P.S. You still seem to be discussing from a standpoint that there is only one kind of right view.....I suggest doing some internet research and finding out about the two kinds...one with effluents and one without effluents (as defined by the Buddha)...I think you will see that they are two completely different concepts and deal with two entirely different sets of things.
From Wings to Awakening web site:

"And what is the right view that has effluents, sides with merit, & results in acquisitions? 'There is what is given, what is offered, what is sacrificed. There are fruits & results of good & bad actions. There is this world & the next world. There is mother & father. There are spontaneously reborn beings; there are priests & contemplatives who, faring rightly & practicing rightly, proclaim this world & the next after having directly known & realized it for themselves.' This is the right view that has effluents, sides with merit, & results in acquisitions.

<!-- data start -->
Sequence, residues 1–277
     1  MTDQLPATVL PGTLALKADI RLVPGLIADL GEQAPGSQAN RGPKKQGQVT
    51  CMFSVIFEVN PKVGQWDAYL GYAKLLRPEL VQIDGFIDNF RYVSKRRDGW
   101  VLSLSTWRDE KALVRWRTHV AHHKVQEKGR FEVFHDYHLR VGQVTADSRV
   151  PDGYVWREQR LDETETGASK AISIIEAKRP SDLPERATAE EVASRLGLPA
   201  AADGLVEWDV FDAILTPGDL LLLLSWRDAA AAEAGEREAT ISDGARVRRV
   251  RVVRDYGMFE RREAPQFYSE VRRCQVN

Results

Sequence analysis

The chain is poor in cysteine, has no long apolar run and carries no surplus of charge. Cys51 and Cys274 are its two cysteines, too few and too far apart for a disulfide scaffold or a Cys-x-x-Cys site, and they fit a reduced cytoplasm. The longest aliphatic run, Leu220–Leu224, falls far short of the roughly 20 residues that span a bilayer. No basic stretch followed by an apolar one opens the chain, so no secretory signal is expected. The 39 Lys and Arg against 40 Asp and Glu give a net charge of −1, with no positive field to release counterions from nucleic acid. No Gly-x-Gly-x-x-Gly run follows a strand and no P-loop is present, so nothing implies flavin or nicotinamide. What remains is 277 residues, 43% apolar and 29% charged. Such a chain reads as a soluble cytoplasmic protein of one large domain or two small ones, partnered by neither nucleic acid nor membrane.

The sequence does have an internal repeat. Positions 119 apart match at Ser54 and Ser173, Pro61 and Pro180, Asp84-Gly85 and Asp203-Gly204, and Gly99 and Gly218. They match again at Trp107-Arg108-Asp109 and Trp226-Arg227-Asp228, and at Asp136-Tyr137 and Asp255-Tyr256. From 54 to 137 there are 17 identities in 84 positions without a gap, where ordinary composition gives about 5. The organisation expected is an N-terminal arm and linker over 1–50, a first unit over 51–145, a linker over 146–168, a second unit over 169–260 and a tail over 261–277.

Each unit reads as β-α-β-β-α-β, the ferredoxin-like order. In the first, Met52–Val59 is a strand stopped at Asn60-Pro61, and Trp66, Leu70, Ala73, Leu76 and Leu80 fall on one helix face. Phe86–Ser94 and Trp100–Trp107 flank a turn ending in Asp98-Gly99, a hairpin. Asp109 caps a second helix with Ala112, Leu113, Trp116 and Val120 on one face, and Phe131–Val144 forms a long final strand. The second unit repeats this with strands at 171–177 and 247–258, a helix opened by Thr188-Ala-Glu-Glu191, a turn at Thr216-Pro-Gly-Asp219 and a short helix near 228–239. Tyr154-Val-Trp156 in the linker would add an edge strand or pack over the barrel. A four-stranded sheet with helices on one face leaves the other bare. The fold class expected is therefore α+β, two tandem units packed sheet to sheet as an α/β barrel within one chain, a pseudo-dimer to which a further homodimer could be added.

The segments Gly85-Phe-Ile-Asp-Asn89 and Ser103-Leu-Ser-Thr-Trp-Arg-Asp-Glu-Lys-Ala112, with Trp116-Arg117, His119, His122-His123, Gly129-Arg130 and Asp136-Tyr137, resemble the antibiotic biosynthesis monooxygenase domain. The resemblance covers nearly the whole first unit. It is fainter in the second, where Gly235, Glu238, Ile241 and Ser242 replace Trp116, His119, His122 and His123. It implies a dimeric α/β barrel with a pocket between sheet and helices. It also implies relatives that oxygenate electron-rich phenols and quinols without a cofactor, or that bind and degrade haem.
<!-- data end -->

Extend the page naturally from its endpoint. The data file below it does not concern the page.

And what is the right view that is without effluents, transcendent, a factor of the path? The discernment, the faculty of discernment, the strength of discernment, analysis of qualities as a factor for Awakening, the path factor of right view of one developing the noble path whose mind is noble, whose mind is free from effluents, who is fully possessed of the noble path. This is the right view that is without effluents, transcendent, a factor of the path."

MN117 (as translated by Thanisarro Bikkhu)

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Re: What is right view?

Postby vinasp » Fri Nov 27, 2009 10:21 pm

Hi Manapa,

Yes. I should have said something about the passage I quoted. The term loka ( world, cosmos) is used in several senses. In this passage it seems to mean some internally constructed world. I agree with Acinteyyo that the most probable meaning is the five aggregates of clinging. These are the entire cosmos - all three realms of existence and all thirty-one classes of beings.

Best wishes, Vincent.
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Re: What is right view?

Postby vinasp » Fri Nov 27, 2009 10:38 pm

Hi acinteyyo,

You say that the six senses still exist. Most passages talk about the six sense-spheres which are not the same thing as the six senses. The six sense-spheres cease as is stated clearly many times. Do you need quotations for this ?

Best wishes, Vincent.